Morice Lipsi was born into a traditional family. In 1912, he arrived in Paris and settled at La Ruche, where his brother Samuel was already living. Samuel Lipschitz, who was an ivory sculptor, taught him the various techniques and materials used in sculpture. He exhibited his works at official exhibitions in Paris from 1921. In 1922, his first solo exhibition was held at the Galerie Hebrard in Paris.
In 1929, Moryce Lipszyc adopted the name Morice Lipsi to distinguish himself from his brother and Jacques Lipchitz, who had moved to La Ruche five years before him. In 1930, he married the Swiss artist Hildegard Weber and moved to a farm south of Paris. In the 1930s, Morice Lipsi worked alone, far from the artistic schools and movements of his time. He acquired French nationality in 1933. In 1937, his work was presented at the World Fair.
In 1940, Lipsi took part in the wartime exodus and found refuge in Abzac, in the Charente region, where he continued to work with the help of the town council. He later escaped to Geneva, where he spent time with his friend Alberto Giacometti. He returned to Paris after the war. His brother Samuel was deported to Auschwitz and murdered by the Nazis. From the 1960s, Lipsi was the president of the sculpture department at the Salon des Réalités Nouvelles. In the 1960s and 70s, he was commissioned to produce numerous monumental statues in France, Germany, Italy, Czechoslovakia, Israel, Iceland, and Japan. He died in 1986 near Zurich. Many of his works are today exhibited at the Morice Lipsi Museum in Rosey, in the Haute-Saône department.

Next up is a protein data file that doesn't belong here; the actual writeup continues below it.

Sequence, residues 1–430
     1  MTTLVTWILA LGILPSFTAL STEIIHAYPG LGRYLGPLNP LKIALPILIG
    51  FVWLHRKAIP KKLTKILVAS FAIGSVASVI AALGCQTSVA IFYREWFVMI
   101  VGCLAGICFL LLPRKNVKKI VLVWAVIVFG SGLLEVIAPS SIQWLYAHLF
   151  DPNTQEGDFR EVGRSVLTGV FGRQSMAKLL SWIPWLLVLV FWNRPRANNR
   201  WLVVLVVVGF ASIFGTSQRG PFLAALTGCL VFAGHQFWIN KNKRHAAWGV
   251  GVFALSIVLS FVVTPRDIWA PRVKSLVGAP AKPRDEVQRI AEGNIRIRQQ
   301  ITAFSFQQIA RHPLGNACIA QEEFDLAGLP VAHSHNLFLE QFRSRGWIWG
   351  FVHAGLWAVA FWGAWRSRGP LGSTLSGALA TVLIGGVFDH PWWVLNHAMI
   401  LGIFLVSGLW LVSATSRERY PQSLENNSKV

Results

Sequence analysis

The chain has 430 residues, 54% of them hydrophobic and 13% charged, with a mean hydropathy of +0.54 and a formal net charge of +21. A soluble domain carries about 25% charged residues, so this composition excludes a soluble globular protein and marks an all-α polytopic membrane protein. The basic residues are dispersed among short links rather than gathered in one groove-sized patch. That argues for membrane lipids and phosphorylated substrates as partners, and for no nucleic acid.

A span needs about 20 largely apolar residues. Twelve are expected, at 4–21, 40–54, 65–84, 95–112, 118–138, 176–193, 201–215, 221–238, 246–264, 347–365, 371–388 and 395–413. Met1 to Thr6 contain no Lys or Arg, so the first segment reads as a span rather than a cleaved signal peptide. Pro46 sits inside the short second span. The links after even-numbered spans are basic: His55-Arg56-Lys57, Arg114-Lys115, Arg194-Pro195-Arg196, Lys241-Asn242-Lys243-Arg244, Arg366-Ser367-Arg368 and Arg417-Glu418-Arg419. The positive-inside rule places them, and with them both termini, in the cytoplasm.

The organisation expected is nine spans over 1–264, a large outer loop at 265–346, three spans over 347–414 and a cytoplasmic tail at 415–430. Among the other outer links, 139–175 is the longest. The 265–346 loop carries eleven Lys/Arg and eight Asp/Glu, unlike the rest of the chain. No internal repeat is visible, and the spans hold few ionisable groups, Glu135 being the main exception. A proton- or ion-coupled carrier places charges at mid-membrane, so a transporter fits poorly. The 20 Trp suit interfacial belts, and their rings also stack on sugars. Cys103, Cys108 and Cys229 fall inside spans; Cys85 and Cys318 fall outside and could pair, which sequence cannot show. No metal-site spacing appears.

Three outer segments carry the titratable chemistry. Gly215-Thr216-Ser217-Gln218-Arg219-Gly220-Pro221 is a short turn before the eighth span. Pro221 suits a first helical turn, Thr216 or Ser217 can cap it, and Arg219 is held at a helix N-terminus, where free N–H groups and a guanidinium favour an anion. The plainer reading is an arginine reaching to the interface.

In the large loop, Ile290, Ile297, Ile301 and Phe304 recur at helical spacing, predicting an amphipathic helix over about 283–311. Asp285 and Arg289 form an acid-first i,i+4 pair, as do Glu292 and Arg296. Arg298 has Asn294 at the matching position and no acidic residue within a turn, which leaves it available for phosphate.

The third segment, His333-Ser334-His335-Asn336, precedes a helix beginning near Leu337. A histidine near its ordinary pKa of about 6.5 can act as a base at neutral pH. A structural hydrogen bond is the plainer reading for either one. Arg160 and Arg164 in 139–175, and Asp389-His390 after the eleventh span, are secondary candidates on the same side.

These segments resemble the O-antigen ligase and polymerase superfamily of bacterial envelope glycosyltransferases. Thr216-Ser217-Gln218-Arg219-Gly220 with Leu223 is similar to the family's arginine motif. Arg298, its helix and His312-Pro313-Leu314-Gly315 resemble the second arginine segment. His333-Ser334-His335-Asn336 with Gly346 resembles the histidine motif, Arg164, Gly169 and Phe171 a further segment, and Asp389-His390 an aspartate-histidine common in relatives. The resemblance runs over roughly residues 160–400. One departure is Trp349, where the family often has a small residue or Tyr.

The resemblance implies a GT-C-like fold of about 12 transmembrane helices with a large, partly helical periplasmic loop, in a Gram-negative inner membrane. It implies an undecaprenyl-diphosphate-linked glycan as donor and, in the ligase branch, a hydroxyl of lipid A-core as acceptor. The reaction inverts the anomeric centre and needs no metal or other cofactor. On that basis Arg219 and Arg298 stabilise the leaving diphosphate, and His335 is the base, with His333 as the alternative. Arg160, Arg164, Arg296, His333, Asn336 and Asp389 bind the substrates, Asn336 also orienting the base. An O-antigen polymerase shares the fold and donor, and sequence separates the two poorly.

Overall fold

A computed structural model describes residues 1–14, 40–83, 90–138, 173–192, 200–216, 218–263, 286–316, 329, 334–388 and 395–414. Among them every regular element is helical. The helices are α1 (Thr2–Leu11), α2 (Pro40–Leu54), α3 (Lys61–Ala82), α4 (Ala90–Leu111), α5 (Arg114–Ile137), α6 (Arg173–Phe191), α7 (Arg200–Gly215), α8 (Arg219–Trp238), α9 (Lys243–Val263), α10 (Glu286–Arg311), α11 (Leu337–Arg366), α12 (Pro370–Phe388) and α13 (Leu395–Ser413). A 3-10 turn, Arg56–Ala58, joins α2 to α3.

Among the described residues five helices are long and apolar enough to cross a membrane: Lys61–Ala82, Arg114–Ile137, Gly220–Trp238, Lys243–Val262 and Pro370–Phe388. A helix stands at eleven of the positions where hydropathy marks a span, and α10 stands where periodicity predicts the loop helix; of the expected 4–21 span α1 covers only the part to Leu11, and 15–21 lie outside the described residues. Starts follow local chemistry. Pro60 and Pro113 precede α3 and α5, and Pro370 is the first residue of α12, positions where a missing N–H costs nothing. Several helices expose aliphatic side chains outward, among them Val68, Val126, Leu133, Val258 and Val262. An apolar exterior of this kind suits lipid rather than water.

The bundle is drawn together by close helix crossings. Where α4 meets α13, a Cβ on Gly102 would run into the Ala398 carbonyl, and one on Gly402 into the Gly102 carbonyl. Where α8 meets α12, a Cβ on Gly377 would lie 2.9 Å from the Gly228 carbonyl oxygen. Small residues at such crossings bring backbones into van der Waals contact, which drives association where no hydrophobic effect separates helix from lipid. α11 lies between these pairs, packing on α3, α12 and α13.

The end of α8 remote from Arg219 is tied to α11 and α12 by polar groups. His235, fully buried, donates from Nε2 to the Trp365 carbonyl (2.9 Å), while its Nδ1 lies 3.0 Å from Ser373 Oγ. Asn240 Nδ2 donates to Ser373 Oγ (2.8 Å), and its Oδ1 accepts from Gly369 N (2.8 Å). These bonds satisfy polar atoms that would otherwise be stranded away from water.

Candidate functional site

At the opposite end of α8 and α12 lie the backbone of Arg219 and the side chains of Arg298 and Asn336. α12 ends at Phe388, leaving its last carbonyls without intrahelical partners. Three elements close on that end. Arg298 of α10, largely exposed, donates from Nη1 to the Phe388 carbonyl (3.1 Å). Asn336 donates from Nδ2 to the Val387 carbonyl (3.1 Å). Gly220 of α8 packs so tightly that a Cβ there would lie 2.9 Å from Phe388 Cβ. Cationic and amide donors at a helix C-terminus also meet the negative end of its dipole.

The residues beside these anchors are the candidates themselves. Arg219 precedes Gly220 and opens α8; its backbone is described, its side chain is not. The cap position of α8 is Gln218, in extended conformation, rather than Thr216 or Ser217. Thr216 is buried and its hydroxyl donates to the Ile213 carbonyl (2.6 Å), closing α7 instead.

Nieszawer & Princ
"Artistes juifs de l’Ecole de Paris 1905-1939"
Editons Somogy 2015